Baby sound sleeping

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When little Johnny or Janie  first begins to snore, it’s natural for parents to see it as another cute childhood habit.  In reality, snoring children can be showing symptoms of a serious underlying problem.

When children snore, it can be a sign of OSA, or Obstructive Sleep Apnea.  This condition can pose a serious problem in up to three percent of healthy, normal preschoolers.  Most often, snoring in children under the age of six years old is caused by problems related to the adenoids and tonsils.  For these children, it’s not the size of the child or the tonsils that creates the snoring; it’s the muscle tone that makes the difference.  Children who have cerebral palsy, muscular dystrophy,  craniofacial anomalies or Down syndrome are at higher risk for developing OSA.

Snoring in children with Obstructive Sleep Apnea is an indication that they are having problem breathing while sleeping.  These children tend to  sleep restlessly.  Their parents or caregivers often notice this behavior, often waking or moving  them to make sure everything is OK, but will forget to mention the problem to the doctor.  These children, while awake, are able to breathe fully, without any hindrance, although they are usually mouth-breathers.

If you’ve observed this sleeping behavior in your child, you must seek medical attention.  Once the doctor has been alerted of the problem, a quick study of family history will usually show that someone in the immediate family is also prone to snoring.

Treatment Alternatives for Snoring Children

The initial step in finding a suitable treatment is a sleep study. The physician will normally request a polysomnography. This test at the hospital,  is painless and performed overnight, and is useful in diagnosing a variety of sleep disorders.  During a polysomnography,  a variety of data will be recorded, including  heartbeat, muscle strength, brainwaves, eye movements, ease of breathing and respiratory ability.  The results for children, of course, will present differently than those for adults, as children naturally have different sleeping patterns than adults.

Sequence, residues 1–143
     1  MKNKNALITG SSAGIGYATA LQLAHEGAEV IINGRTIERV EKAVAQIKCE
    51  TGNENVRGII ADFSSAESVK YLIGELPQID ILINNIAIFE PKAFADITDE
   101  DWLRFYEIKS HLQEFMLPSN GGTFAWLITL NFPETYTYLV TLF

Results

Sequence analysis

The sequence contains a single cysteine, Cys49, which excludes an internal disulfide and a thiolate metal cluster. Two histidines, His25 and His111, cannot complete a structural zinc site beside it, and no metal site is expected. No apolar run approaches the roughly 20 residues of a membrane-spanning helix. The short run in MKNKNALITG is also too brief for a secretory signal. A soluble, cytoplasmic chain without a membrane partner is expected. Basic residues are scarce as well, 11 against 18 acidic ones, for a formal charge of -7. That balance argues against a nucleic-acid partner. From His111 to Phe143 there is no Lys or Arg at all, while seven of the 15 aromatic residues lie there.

Once the test has been completed, the doctor may suggest surgery to remove both the adenoids and the tonsils. This will help to open the airway, essentially ending the snoring  and the OSA.  It will take 6 to 8 weeks before healing is complete, and the positive results of the surgery are evident.  It is suggested that the child receive no other treatments during this period of healing.

On the other hand, some kids simply snore.  If your child does not show symptoms of having Obstructive Sleep Apnea, then it’s not necessary to have the surgery.

Never rush into operation; even a minor surgery is a trauma to the body and can be especially traumatic for young children.  If your doctor, however, indicates that OSA is present and recommends surgery, by all means, go ahead.  The operation will help to calm the snoring and increase the amount of oxygen your child receives while sleeping.  Clearly, these are both essential to the overall wellness of your child.

All parents want to give the basic needs for their children.  This includes making sure that the child is getting enough of the right kind of sleep.  Consult a pediatrician if you suspect that your child is suffering with Obstructive Sleep Apnea.  Find the treatment alternative that is best for your child, and provide the sweet dreams that he or she needs and deserves.

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Filed under: Snoring